We then walk out across the pine-forested hills of the Alhambra Mountain to the Generalife, an exquisite villa retreat and hunting lodge of the Nasrids. Here we see gardens to rival the Villa d’Este outside Rome, with fine fountains whose sounds were intended to provide a poetic counterpoint to the architectural aesthetics of the Arab palace or villa.
Finally, we shall visit the Alcazaba, the fortress of the Alhambra, which has a broad panorama of the Sierra Nevada. The Alhambra and Generalife complexes sit within what could almost be termed a ‘forest’ that covers their hills. Watered by conduits from the Sierra Nevada, this lush environment enabled not only the inimitable orchestration of buildings and plants in the main complex, but also a proliferation of fine small villas with gardens called carmenes. A carmen is a typical house of the old quarter of Granada that has a walled garden, the counterpart of, but different to the patios of Córdoba. The word comes from the Arabic word for garden: karm. These villas became fashionable in the 16th century when wealthy Christians purchased a number of old, Islamic, town houses and demolished parts of them to make a walled garden. They often employed Moorish craftsmen to design and decorate them. The carmenes of Granada were, of course, both inspired by, and measured, the great Islamic palace and villa complex of the Alhambra.
Just a short walk away is the Carmen of the Fundación Rodríguez-Acosta, arguably the best Spanish example of interplay between early modern architecture and gardening. Built by the painter José María Rodríguez-Acosta, a native of Granada and friend of the musician de Falla, this fine modernist house develops the local carmen tradition to create a unique interplay of simple brilliant white architecture and the various greens of the garden. The garden, inspired by the Generalife, is made up of a number of terraces oriented towards the plain and the Sierra Nevada in which the fragments of walls and columns in the purest modernist style interplay with cypress hedges whose shapes are ‘architectural’ in their composition, massing and the precise lines of their profiles. The Foundation, which occupies the original house, has works collected by Acosta supplemented by an important collection of Manuel Gómez Moreno composed of works from most periods of Spanish art history.
Tonight we shall dine together at the restaurant Mirador de Morayma, in Granada´s ancient Moorish quarter, the Albaicín, with breathtaking views of the Alhambra. This elegant restaurant housed in a traditional carmen, features traditional local cuisine and ecological wine produced at the restaurant’s own country estate in the Alpujarra region. (Overnight Granada) BD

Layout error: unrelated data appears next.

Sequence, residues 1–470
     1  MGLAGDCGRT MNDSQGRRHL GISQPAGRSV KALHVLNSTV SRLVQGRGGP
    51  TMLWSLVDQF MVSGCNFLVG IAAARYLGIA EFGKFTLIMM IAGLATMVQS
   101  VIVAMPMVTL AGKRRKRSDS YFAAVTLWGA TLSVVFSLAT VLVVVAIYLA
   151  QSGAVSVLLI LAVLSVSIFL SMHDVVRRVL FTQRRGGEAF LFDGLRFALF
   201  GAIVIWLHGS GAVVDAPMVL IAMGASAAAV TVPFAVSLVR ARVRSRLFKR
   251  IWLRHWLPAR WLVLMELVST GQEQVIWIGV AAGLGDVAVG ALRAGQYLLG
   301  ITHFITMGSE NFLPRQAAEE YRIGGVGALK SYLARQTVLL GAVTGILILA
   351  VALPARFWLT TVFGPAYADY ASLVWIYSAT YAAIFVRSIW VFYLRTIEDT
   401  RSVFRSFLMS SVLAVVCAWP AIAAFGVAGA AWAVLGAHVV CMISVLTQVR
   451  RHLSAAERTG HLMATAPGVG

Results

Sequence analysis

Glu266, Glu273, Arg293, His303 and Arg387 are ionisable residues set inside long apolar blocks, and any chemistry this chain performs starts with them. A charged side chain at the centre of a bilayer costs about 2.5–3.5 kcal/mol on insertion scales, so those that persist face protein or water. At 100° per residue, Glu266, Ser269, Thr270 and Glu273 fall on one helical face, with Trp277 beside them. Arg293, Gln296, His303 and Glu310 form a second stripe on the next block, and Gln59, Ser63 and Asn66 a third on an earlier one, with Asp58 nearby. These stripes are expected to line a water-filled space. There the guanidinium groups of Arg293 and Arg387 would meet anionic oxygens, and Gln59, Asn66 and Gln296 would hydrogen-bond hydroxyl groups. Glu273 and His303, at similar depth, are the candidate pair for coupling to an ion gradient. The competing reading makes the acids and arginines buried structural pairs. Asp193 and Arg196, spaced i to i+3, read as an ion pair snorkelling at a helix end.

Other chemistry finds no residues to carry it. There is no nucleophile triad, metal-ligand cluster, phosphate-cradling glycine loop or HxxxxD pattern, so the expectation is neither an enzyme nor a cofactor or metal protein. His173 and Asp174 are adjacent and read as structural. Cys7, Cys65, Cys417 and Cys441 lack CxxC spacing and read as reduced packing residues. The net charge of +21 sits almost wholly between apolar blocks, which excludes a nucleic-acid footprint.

Day 10: Thursday 23 May, Granada
Corral del Carbón
Afternoon at leisure
We begin this morning by exploring Granada’s most important residential quarter, the Albaicín which nestles below the Alhambra. The Albaicín was the last refuge of the Muslims of Granada and traces of its Islamic heritage remain to be discovered, including a beautiful and tranquil bathhouse, and fragments of minarets converted into church towers.
We shall also visit Muslim and Christian sites in the centre of Granada. The Capilla Real (Royal Chapel), built in flamboyant late Gothic style, houses the magnificent Renaissance tombs of Ferdinand and Isabella, their daughter Joan ‘the Mad’ and her husband Philip ‘the Handsome’. In the adjacent Sacristy is a dazzling collection of royal regalia and Flemish paintings. We then walk to the cathedral, one of Spain’s last, which was envisaged by its founder, Charles V, as a model of the heavenly Jerusalem.
We end our tour at the market centre of Islamic Granada where we shall visit the Corral del Carbón, a 14th-century warehouse and inn for merchants, which is the only one of its type to have survived in Spain. Despite recent restoration, the ground plan, the central water trough for animals, and the delicately carved brick and plaster gateway date to the Middle Ages. From here we shall make our way through the Alcaicería, an area of narrow gridded streets which were once part of the covered market (Arabic: al-Qaysariyya) of the Muslim rulers of Granada. The afternoon will be at leisure. (Overnight Granada) B
Toledo – 2 nights
Day 11: Friday 24 May, Granada – Toledo
Evening reception at private palace garden by landscaping and garden design studio Urquijo-Kastner, Toledo